Re: [pkix] How do we differentiate authentic servers from proxies performing TLS interception?

Jeffrey Walton <> Thu, 12 November 2015 18:09 UTC

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Date: Thu, 12 Nov 2015 13:09:24 -0500
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From: Jeffrey Walton <>
To: "Miller, Timothy J." <>
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Subject: Re: [pkix] How do we differentiate authentic servers from proxies performing TLS interception?
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On Thu, Nov 12, 2015 at 12:21 PM, Miller, Timothy J. <> wrote:
>> Just for the record, corporate security performing MitM on TLS connections
>> of human user's browsers is *NOT* legitimate in Europe, it is clearly
>> *OUTSIDE* of the legal wiggle room of 2002/58/EC for EU member states,
>> and it has been a criminal offense (up to 5 years in prison) in Germany since
>> 2004.
> Irrelevant; a criminal MitM *still* isn't going to use an extension to identify himself.

That's a behavior I would count on to detect them. The one thing these
folks don't want is a spotlight on them. They want to continue to
surreptitiously engage in their practices. Sunlight is the best
disinfectant, as they say.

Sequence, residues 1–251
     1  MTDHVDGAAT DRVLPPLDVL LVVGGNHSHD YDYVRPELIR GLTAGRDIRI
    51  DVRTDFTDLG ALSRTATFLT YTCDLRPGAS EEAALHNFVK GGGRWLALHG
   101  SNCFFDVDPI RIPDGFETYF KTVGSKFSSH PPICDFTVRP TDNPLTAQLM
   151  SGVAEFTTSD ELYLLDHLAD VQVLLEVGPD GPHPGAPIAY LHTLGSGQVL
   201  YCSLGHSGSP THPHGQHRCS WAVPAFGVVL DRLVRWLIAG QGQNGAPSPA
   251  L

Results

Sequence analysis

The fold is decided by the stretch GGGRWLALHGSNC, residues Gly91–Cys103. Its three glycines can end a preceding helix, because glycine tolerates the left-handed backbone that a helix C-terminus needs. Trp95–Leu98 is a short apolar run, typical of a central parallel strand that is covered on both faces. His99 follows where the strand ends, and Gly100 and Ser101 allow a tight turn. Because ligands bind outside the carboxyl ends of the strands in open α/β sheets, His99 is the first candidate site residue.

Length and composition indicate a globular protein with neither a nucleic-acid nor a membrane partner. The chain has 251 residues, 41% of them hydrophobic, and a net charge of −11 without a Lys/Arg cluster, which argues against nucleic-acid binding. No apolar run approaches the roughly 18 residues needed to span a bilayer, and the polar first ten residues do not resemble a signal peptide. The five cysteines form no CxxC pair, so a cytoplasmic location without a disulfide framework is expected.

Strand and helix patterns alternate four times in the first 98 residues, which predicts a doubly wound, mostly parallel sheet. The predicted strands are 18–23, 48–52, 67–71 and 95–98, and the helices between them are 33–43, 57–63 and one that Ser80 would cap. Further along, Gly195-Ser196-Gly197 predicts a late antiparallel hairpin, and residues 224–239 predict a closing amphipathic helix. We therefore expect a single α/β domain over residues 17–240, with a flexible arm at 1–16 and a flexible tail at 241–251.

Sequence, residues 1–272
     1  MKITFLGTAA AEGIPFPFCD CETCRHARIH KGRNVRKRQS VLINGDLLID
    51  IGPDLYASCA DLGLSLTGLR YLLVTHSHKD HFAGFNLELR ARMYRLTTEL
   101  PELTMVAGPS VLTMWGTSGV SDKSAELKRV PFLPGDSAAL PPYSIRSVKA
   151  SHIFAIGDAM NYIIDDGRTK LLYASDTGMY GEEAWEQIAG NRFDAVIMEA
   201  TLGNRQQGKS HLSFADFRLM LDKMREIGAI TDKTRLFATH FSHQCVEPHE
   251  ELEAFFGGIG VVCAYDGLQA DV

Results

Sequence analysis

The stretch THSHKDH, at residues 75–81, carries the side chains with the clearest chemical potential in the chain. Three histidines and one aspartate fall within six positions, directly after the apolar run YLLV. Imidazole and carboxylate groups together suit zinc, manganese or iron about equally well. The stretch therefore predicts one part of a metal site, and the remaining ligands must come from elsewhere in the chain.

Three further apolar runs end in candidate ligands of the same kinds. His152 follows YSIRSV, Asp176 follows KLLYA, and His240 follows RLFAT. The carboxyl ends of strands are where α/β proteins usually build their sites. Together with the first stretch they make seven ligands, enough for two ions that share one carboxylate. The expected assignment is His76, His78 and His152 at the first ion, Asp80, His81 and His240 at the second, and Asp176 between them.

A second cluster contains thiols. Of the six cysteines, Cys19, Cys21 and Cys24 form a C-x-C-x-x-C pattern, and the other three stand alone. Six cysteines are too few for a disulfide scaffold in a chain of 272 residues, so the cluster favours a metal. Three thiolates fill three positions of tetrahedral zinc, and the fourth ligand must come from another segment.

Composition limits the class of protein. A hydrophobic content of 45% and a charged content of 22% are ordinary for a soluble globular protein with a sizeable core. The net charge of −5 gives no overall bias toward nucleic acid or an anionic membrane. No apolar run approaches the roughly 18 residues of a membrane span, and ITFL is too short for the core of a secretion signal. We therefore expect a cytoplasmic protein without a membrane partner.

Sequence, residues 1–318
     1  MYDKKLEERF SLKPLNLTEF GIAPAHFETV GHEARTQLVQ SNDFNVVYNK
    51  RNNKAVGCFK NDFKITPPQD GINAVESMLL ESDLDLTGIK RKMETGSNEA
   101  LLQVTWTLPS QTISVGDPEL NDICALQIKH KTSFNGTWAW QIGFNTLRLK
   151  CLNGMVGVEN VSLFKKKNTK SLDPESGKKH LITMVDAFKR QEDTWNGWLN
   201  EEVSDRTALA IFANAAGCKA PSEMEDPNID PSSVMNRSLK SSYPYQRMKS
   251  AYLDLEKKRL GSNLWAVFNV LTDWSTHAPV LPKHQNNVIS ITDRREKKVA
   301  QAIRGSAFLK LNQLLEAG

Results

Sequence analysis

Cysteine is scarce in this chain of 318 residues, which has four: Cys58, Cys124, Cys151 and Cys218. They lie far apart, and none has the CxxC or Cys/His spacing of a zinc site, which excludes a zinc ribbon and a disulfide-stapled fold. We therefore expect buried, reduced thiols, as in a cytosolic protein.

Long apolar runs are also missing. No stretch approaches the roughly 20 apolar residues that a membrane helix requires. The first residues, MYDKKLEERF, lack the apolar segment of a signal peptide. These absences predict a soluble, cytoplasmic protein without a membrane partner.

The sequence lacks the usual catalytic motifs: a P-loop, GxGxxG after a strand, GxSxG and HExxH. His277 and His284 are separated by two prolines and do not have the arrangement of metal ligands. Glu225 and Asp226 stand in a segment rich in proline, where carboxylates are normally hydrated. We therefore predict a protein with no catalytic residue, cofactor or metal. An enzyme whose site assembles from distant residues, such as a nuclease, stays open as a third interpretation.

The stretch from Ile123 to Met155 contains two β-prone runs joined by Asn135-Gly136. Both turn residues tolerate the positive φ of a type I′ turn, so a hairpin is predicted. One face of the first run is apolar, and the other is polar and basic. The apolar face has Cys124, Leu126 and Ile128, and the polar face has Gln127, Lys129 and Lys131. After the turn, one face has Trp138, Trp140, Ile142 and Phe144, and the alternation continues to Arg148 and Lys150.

> Binding the issuing authority to the name is what's needed, and that's not a certificate content problem.

It seems like that's putting the cart before the horse. Getting the
certificate bits right is a Security Engineering 101 issue. Have
whomever declare their intents in advance, and then enforce it. Don't
allow certificates to be arbitrarily re-purposed or used outside their
design parameters. Presuming someone has accepted the risk of
conferring trust to a CAs, then all these problem reduce to (1)
getting the CA installed into a trust store by any means (OEM
preinstall, phishing a user, etc) and then (2) abusing the certificate
bits (operating the system outside its design parameters). We only
need to stop one or the other to break the chain.

Declaring intentions might be as simple as a CA issuing a certificate
with a PROXY usage/bit (if one existed), or it might be an end entity
certificate with the PROXY bit set (if one existed). That could even
include the binding you are talking about - make them declare the
names they are going to proxy in advance. Or it might be something

The system can built upon with higher level logic, like where an
administrative boundary lies, once the foundation is laid. but you
have to have the foundation first. The Red Herrings are all there,
from Saltzer and Schroeder's paper, to Anderson's book, to Guttman's
book. Fix the fundamental problems first and then re-evaluate. Or, fix
the fundamental problems and add the name bindings. Heck, provide all
the names from Zooko's triangle. That gives me 2x or 3x the tools for
my warchest.

One thing I would not count on any time soon is a recommendation on
administrative and/or domain boundaries (and other goodies, like a
list of actionable items). I've been lurking on that list for a year
or two, and it does not feel like something will be delivered in the
near future.